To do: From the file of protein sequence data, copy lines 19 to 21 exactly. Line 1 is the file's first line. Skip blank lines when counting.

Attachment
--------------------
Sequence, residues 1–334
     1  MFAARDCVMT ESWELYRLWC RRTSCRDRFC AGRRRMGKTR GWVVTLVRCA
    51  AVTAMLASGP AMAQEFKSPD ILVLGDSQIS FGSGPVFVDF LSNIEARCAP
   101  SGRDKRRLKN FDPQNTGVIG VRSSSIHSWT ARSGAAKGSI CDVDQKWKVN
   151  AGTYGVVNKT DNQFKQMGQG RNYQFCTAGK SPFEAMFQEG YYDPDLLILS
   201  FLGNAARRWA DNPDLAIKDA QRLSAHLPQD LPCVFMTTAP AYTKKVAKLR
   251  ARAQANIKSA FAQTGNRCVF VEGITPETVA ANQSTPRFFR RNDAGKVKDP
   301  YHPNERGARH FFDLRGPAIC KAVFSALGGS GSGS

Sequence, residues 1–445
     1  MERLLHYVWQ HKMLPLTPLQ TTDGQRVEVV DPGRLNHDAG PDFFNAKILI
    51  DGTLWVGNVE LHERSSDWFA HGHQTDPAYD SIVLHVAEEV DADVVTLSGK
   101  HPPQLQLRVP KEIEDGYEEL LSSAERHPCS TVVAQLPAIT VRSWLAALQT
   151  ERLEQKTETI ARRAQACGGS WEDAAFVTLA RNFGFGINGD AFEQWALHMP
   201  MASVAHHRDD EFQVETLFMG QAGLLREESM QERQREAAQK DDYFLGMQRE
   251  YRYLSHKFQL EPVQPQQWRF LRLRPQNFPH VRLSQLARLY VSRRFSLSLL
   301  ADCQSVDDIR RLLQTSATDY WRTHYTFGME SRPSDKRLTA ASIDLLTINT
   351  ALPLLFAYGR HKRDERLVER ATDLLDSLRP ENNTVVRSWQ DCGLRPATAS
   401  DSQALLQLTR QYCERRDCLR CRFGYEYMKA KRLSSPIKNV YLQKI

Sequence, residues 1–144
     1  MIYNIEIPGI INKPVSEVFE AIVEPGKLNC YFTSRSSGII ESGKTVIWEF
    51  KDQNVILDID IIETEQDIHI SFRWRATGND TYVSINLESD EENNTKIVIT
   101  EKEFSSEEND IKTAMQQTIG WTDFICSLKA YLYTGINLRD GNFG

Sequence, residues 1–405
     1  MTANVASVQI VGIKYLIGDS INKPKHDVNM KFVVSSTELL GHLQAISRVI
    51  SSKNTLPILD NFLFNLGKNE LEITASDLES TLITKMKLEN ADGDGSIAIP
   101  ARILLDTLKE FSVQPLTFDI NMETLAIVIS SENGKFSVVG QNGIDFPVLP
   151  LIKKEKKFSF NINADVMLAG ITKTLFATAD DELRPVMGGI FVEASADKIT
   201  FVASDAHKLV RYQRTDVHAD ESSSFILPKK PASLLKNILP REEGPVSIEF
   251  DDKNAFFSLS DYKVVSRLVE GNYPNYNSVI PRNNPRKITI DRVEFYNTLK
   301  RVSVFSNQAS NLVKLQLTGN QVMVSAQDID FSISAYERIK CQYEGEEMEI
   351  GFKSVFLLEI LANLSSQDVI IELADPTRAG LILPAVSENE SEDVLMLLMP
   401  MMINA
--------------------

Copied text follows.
Sequence, residues 1–144
     1  MIYNIEIPGI INKPVSEVFE AIVEPGKLNC YFTSRSSGII ESGKTVIWEF
    51  KDQNVILDID IIETEQDIHI SFRWRATGND TYVSINLESD EENNTKIVIT